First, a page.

Philippines could face India-like surge, doctor warns, as infections pass 1 million

  • Dr Rodrigo Ong of independent OCTA Research Group think tank said the country was at the ‘same crosspoint’ as India in its fight against virus
  • Warning comes as Philippines considers cutting quarantine times for returning travellers and easing other restrictions

Medical experts have warned that the Philippines could face a surge in coronavirus infections similar to that which engulfed Indiathis month, amid reports of Covid-19 patients spilling out into hospital corridors in parts of Metropolitan Manila as the nationwide tally of cases crossed the one million mark.

Dr Rodrigo Ong of the independent OCTA Research Group think tank, which produces forecasts on the virus’ spread, said the Philippines was now at the “same crosspoint” of about 10,000 cases per day that India had reached when authorities there decided to lift restrictions on large gatherings as they thought the virus was under control.

He said the epidemic in the Philippines was in a “delicate balance” as of Tuesday, with more than 80 per cent of the country’s hospital beds occupied. 

“As we move towards the end of April and the possibility of further easing quarantine restrictions, this delicate balance may tip over to completely overwhelm the health care capacities,” Ong said.

Patients are treated outside a government hospital in Quezon City that declared overcapacity on Monday amid rising numbers of Covid-19 infections in Metro Manila. Photo: Reuters

According to Department of Health figures, the Philippines recorded 7,204 new coronavirus cases on Tuesday, down from a daily high of 15,310 on April 2. 

But OCTA Research is calling for the country’s lockdown-like restrictions, known locally as community quarantines, to be maintained so the rate of new infections can fall further, easing pressure on hospitals and their staff.

Dr Anthony Leachon, a former adviser to the government’s Covid-19 task force who was sacked for openly criticising Manila’s pandemic response, told This Week In Asia that restrictions may not be enough to curb a fresh spike in infections as vaccinations were the real “silver bullet”.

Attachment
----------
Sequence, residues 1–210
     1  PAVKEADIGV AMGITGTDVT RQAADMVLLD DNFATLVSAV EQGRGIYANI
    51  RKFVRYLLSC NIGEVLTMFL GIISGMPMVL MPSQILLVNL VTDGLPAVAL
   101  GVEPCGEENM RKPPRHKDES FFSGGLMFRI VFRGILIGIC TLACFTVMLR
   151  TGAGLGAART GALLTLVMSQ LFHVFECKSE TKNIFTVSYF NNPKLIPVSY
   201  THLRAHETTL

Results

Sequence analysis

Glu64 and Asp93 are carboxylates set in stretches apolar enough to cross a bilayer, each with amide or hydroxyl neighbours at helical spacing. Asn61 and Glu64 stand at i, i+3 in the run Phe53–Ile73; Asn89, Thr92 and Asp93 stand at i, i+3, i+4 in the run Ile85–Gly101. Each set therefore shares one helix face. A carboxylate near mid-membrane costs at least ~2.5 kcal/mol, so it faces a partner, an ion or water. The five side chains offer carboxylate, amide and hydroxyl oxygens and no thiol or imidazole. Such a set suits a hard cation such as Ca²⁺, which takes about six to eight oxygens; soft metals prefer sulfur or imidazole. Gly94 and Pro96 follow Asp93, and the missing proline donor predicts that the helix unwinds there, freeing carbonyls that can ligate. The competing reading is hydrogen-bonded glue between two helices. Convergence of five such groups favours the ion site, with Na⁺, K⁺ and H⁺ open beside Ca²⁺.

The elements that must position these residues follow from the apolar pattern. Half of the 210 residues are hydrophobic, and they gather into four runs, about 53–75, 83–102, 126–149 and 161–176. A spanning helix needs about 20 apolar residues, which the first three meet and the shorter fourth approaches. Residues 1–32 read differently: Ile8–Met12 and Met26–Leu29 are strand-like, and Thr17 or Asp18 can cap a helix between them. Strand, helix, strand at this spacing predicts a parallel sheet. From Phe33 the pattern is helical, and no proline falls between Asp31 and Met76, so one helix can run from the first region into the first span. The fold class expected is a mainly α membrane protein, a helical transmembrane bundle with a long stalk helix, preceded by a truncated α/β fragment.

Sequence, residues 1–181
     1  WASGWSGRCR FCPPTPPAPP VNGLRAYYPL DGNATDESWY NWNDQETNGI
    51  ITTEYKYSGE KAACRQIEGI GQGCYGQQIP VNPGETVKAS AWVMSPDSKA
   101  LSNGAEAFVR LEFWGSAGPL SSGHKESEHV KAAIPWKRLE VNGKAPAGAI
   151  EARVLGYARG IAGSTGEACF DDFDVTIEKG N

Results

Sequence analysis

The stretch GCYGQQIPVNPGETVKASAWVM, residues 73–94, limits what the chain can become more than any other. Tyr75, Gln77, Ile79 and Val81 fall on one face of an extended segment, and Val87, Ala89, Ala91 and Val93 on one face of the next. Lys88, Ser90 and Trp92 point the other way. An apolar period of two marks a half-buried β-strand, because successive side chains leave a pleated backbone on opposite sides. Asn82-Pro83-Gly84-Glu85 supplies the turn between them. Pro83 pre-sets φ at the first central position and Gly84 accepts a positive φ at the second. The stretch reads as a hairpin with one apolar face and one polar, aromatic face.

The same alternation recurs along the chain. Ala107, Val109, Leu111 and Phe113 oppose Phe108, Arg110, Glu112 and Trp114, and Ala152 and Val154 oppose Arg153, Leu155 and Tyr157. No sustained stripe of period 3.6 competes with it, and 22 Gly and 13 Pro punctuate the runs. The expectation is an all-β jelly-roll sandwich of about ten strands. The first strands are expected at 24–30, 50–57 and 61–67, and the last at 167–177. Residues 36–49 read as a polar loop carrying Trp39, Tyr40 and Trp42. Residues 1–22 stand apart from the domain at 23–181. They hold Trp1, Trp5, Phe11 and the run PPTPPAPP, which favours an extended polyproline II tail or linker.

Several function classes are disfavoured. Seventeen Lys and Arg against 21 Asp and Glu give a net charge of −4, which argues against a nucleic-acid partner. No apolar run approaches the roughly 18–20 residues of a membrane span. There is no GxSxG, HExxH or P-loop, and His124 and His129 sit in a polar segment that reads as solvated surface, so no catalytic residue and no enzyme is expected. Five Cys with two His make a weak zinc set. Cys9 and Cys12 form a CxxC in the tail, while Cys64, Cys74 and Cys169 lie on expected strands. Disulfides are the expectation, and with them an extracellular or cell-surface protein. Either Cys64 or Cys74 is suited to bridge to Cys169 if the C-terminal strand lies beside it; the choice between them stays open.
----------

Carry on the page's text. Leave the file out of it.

“Even if we maintain the strict lockdowns [the crisis] can even worsen with the [virus] variants,” he said, referring to the mutant Covid-19 strains that have emerged in Britain, South Africa, Brazil, India and elsewhere.

President Rodrigo Duterte says his government has bought enough vaccines to inoculate 70 million people – thought to be the number required to reach so-called herd immunity – but many of those jabs will only arrive in the Philippines towards the end of this year at the earliest, according to Leachon.

So far, only 1.7 million Filipinos have received at least one vaccine dose, former health secretary Manuel Dayrit told online news site Rappler on Monday.

Vaccination problems aside, Leachon said the government was not doing enough testing, contact tracing or isolating of those who are infected. 

He further criticised Health Secretary Francisco Duque III for delaying a ban on travellers from India – announced only on Tuesday night – on the grounds that the variant which is thought to have emerged in the country had not been detected locally.

Officials in the Philippines have been quick to defend their handling of the health crisis, pointing out that the situation is much worse in other countries.

A health worker collects a Covid-19 swab sample from a man who lives with someone who has tested positive for the disease in Quezon City earlier this month. Photo: Reuters

Yet there have undoubtedly been “some lapses”, as infectious disease specialist Dr Edsel Maurice Salvana told Duterte’s Covid-19 task force on April 21 when discussing screening returning overseas Filipino workers (OFWs) for the virus.

Salvana, a molecular biologist and task force adviser, cautioned Duterte against Labour Secretary Silvestre Bello III’s money-saving proposal of testing OFWs immediately upon their return and cutting their quarantine period to five days if their PCR test comes back negative.

“If somebody gets infected in transit, on the plane, [then] if you test upon arrival, the test won’t be positive [because] it usually takes three to five days,” Salvana said in the meeting, which was later televised.

“But based on the Department of Health data … there are still about 40 per cent of people who test positive on the seventh day [after] arrival.”

As a compromise, Salvana suggested that if an OFW remains without symptoms during a 10-day quarantine, testing could be waived and the OFW could go home – something Dr Ong questioned on his Facebook page, noting that other places were enforcing two- or three-week quarantines in response to the new virus variants.

Ong said that “while the number of new cases is decreasing as a result of the [community quarantine], we must still maintain the integrity of our borders against Covid-19 because even if a single positive case gets through, the effects could be devastating”.

In December, an OFW who returned to the Philippines from Britain was found by the health department to have infected 42 people with the B117 variant of the virus that first emerged in the UK – despite testing negative for Covid-19 the day after arrival.

At the time of publication, Duterte had yet to decide whether to change the quarantine protocol for returning OFWs.

Article & Images from South China Morning Post

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